Susceptible T cells turns into quiescent T cells at a rate r. They proliferate at a variable rate p(1 − N/NM), where p is the proliferation coefficient, N is the total T cell density, and NM is the T cell density at which proliferation stops. This variable proliferation rate is a reasonable approximation [29] to the real T cell proliferation process, based on evidence [2] that T cell proliferation rate is density-dependent and would slow as the T cell density becomes high. Susceptible T cells die at a rate γS.

Susceptible T cells become infected through both cell-to-cell and cell-free infection. For cell-free infection, the number of newly infected T cells per unit period of time is β2 SV, where β2 is the infection rate of susceptible T cells by free virus. For cell-to-cell infection, we consider that the T cells are randomly moving, i.e. a T cell has an equal chance of contacting any other T cells. Let c represent the number of effective contacts each T cell makes in a unit period of time. Then the number of contacts made by all infected T cells per unit period of time is cI. Among those contacts, S/N are contacts with a susceptible T cell that could potentially end up with a new infection. Let θ represent the Synapse rate: the average probability that two T cells form a virological synapse once they have made an effective contact. Then the number of newly infected T cells through cell-to-cell infection per unit time period can be represented as cI(S/N)θβ1, where β1 is the cell-to-cell infection rate when an infected T cell and a susceptible T cell form a synapse. In reality, cell-to-cell transfer occurs locally involving only the infected cell and its immediate neighbours. The model abstracts this process by averaging infection over all cells. In practice, local effects will only distort this average when target cells in the vicinity of an infected cell become limiting. This limit seems unlikely to be reached except very late in infection, given that infected cells continue to migrate, albeit at a slower rate (personal observations and [17]), and uninfected target cells continue to migrate into the vicinity of an infected cell. More complex spatial models will be required, however, to understand the detailed anatomical distribution of HIV-1 infected cells over time. The amount of cell-to-cell transfer in the model depends on the number of infected T cells I and the proportion of susceptible cells S/N at any given time. Since N, the total density of CD4+ cells, is not held constant, but in fact declines over time, cell-to-cell spread becomes increasingly effective as HIV-1 progresses.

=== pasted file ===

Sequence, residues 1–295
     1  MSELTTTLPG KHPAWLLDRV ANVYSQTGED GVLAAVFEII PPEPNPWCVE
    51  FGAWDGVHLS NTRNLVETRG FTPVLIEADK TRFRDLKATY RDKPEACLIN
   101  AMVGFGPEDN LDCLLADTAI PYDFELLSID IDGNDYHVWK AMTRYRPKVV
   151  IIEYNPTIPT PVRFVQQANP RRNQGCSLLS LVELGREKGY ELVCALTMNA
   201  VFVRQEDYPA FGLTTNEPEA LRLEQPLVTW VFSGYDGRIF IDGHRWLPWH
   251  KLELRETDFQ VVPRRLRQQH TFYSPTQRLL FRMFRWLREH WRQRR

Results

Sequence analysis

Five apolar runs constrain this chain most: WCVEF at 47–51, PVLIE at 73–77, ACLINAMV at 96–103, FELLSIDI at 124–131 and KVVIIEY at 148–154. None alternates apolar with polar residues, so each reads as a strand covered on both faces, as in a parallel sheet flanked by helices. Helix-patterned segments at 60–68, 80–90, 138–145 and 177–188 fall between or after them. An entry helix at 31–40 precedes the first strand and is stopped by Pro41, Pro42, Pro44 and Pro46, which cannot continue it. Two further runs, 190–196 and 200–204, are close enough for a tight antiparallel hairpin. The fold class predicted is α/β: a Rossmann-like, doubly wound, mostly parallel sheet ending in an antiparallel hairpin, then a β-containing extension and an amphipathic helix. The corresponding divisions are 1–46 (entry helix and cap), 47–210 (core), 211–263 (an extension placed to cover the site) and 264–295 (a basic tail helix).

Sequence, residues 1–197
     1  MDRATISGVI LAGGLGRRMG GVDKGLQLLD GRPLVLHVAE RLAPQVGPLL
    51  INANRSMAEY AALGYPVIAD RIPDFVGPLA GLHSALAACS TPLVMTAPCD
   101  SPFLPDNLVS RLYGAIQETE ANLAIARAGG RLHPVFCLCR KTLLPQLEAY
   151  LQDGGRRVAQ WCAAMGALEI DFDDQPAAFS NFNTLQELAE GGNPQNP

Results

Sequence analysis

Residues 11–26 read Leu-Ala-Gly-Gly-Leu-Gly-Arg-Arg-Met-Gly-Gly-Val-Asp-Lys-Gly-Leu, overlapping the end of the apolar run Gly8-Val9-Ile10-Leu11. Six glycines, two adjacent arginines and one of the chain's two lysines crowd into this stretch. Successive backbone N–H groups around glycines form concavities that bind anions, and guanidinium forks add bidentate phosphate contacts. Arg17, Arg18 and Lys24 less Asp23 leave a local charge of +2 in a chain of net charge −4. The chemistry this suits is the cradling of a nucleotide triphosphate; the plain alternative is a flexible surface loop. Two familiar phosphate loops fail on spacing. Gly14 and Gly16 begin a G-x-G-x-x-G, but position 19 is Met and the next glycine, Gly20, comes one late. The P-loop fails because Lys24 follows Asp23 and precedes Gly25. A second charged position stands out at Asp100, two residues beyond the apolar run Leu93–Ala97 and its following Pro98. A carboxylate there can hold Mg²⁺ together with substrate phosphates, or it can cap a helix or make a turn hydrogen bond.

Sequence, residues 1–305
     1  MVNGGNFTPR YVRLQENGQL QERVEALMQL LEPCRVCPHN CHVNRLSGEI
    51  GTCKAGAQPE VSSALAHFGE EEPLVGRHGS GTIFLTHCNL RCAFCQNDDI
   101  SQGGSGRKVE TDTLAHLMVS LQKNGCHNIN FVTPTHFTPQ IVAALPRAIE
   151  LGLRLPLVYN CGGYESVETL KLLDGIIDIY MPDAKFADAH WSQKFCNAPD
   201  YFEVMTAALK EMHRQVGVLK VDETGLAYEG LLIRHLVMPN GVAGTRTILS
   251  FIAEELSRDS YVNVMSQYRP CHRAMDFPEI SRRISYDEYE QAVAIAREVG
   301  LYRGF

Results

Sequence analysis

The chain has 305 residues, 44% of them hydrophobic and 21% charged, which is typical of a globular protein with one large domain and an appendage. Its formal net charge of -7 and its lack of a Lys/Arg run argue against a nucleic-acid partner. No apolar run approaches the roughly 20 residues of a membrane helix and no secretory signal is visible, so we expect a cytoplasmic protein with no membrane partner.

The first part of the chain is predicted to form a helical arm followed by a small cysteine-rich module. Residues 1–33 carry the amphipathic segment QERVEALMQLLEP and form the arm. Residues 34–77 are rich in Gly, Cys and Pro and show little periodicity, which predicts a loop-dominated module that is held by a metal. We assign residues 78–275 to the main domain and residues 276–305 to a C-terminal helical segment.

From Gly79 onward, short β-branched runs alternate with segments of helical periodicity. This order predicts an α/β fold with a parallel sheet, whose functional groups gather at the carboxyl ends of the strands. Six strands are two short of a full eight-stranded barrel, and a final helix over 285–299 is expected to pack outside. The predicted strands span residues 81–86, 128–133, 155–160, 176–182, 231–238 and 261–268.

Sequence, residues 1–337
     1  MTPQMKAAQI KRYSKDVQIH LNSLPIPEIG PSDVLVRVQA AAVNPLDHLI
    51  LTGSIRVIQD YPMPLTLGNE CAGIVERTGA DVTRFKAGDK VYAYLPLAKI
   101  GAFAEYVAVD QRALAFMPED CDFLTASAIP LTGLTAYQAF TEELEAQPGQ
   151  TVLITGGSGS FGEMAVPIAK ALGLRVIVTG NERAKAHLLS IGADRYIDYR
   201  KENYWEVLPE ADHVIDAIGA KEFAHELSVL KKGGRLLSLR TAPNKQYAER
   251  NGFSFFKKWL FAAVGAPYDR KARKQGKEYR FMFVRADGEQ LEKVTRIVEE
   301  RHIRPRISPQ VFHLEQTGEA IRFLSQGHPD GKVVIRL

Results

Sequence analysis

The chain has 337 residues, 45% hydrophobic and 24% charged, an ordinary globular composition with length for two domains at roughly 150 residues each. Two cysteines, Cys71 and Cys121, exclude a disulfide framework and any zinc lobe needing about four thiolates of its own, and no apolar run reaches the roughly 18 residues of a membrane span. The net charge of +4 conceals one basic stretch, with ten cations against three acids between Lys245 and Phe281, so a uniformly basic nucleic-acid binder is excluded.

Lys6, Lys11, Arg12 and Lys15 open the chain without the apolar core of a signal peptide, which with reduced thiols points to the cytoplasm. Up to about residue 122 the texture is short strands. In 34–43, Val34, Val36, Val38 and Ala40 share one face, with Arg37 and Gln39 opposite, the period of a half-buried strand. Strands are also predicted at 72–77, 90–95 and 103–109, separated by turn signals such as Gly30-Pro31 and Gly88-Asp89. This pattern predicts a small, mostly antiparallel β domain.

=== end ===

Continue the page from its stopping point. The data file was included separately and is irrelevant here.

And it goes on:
The model does not explicitly distinguish antigen-presenting cell to T cell (APC/T) from T cell to T cell (T/T) transmission. APC/T transmission may potentially be most important very early in establishing infection [38], a process which is not examined in detail in this model. These two types of transmission are in fact both likely to occur most frequently and efficiently in the microenvironment of an APC/T cluster, where APC/T interactions lead to T cell activation, and hence favour also T/T interaction. Furthermore, there are very few quantitative estimates of the parameters of APC/T interaction in vivo. The incorporation of an additional cell type is therefore unlikely to have a major effect on the model behaviour, but would add significantly to model complexity and uncertainty.

The cause of T cell death in HIV-1 infection continues to be controversial, and probably includes several effects including lysis of infected cells by effector cells such as CD8 T cells and NK cells, apoptosis/pyroptosis and bystander death [27]. Non-immunological death of infected T cells is represented by a death rate of γI. And we use the term κII+0.1NNM to model the death of infected T cells by the cellular immune response. κ is initially 0 and changes to a higher value in Table 1 when the cellular immune response kicks in D (default value: 30) days after the initial infection. The term II+0.1 captures the relationship between the strength of the immune response and the density of infected CD4+ T cells [8]. The term N/NM captures immune exhaustion caused by HIV-1 infection. It falls from around 1 before infection towards 0 as HIV-1 progresses (because NM is a constant and N, the total density of CD4+ T cells, gradually declines with the HIV-1 progression).